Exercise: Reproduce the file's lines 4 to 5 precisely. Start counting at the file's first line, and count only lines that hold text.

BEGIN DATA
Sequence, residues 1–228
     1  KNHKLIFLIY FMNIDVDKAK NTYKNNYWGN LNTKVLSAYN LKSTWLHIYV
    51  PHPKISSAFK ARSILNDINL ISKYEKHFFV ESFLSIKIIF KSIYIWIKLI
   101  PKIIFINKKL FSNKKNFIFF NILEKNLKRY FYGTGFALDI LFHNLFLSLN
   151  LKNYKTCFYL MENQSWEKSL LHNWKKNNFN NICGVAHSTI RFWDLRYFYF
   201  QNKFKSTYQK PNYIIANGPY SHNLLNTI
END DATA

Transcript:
   101  PKIIFINKKL FSNKKNFIFF NILEKNLKRY FYGTGFALDI LFHNLFLSLN
   151  LKNYKTCFYL MENQSWEKSL LHNWKKNNFN NICGVAHSTI RFWDLRYFYF